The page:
Vietnam is facing the unbalanced sex ratio at birth (SRB), with about 40,800 female births estimated to be missing every year, according to the State of the World Population Report 2020.
|A village-based midwife gives health care guidance to a mother in Muong Nhe district, the northern mountainous province of Dien Bien.|
The report was launched on July 17 in Hanoi by the United Nations Population Fund (UNFPA).
Gender equality has improved in Vietnam over the years, but gender-biased sex selection remains persistent and has been identified as the major cause of an imbalance in the SRB in the country, it found.
The skewed SRB in Vietnam was first identified in 2004, and since 2005, the imbalance towards more boys has rapidly increased and reached 111.5 boys per 100 girls in 2019 as indicated in the 2019 Census, against the biologically normal SRB of 105.
Speaking at the launching ceremony, Pham Ngoc Tien, director of the Gender Equality Department under the Ministry of Labour, Invalids and Social Affairs said: “Vietnam has always considered gender equality as both a goal and a driving force for sustainable development. We have built and continued to improve the legal framework to better work in this important and relatively unfamiliar area.”
Bringing SRB to the natural balance is one of the goals of the National Strategy on Gender Equality for the 2021 - 2030 period which is being developed to submit to Prime Minister Nguyen Xuan Phuc for approval this year, he said.
Naomi Kitahara, UNFPA Representative in Vietnam, said: “We must put an end to son preference and the undervaluing of girls in our efforts to promote gender equality in the country. Vietnam is making progress, but the progress must be accelerated within the context of the Decade of Action for Sustainable Development Goals.”
“In this regard, men have a special role to play. I call on Vietnamese men to raise the value of girls and demand equal treatment and equal rights. In particular, we need men and boys to support this effort,” she added.
At the launch, the Government and UNFPA affirmed their commitment and called for urgent action to end this harmful practice.
In the world, an estimated 4.1 million girls will be subjected to female genital mutilation this year. As many as 33,000 girls under age 18 will be forced into marriages, usually to much older men. Also, an extreme preference for sons over daughters in some countries has fueled gender-biased sex selection or extreme neglect that leads to their death as children, resulting in 140 million missing females.
UNFPA Executive Director Natalia Kanem said: “We must tackle the problem by tackling the root causes, especially gender-biased norms. We must do a better job of supporting communities’ own efforts to understand the toll these practices are taking on girls and the benefits that accrue to the whole of society by stopping them.”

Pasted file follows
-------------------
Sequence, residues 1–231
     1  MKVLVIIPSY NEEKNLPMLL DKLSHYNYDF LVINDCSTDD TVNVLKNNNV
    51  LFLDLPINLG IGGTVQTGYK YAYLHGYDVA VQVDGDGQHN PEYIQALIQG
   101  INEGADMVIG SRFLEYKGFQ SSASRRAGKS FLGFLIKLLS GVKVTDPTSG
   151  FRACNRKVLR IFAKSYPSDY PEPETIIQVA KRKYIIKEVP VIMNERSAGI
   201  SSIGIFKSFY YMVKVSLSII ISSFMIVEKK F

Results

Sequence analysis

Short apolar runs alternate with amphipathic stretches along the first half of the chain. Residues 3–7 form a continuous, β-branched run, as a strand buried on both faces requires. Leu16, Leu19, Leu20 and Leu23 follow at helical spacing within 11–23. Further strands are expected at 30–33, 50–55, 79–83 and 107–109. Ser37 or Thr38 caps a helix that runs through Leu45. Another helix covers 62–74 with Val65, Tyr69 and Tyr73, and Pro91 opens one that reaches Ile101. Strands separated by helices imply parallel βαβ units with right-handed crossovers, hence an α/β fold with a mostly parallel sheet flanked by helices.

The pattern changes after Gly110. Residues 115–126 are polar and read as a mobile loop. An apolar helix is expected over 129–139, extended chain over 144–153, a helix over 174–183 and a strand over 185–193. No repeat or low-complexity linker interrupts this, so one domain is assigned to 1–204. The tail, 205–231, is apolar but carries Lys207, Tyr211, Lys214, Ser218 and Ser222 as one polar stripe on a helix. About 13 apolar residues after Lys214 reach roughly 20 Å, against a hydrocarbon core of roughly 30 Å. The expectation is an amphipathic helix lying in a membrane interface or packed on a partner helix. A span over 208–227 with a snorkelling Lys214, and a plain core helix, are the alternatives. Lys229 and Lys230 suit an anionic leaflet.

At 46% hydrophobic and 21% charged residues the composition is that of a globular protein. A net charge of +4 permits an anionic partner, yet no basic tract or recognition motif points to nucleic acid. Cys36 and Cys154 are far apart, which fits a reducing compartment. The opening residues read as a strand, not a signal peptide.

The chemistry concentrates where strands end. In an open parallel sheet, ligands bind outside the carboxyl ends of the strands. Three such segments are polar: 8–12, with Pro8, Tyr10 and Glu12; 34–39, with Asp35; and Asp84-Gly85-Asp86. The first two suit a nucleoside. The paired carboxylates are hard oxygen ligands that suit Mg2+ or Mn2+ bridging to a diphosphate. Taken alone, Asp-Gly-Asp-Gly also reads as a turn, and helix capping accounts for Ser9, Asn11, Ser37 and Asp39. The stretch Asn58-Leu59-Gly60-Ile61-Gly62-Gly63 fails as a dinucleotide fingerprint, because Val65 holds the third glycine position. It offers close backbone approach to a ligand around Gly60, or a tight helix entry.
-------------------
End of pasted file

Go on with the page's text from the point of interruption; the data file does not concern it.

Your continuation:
UN official calls for end to preference for sons in Vietnam
Naomi Kitahara, chief representative of the UN Population Fund (UNFPA) in Vietnam, has called for an end to the preference for boys over girls in the country, to promote gender equality.
She made the appeal at the launch ceremony for the State of the World Population Fund Report 2020 in Hanoi on July 17.
Titled “Against my will, defying the practices that harm women and girls and undermine equality”, the report was released worldwide on June 30 and highlights at least 19 rites - ranging from breast ironing to virginity testing - that are considered human rights violations.
The report published in Vietnam focuses on gender selection on the basis of gender bias, which has existed for decades with a preference for boys over girls, according to the UN official.
She pointed to social problems resulting from a gender imbalance, such as rape, forced sex, sexual abuse, human trafficking, and early marriage.
She also cited figures of the national population and housing census in 2009, which found that the sex ratio at birth in Vietnam remains high, with 111.5 boys per 100 girls, as compared with the natural or normal rate of 105-106 boys per 100 girls.
The State of the World Population Report estimates that every year, 40,800 female births are missing in Vietnam. It means that 40,800 girls are not born every year in Vietnam because they were found to be a girl.
Speaking at the ceremony, Pham Ngoc Tien, head of the Department of Gender Equality at the Ministry of Labour, Invalids and Social Affairs, said the Vietnamese Government considers gender equality a goal and a driver of sustainable development, adding that it is completing a legal framework to better the work. VNA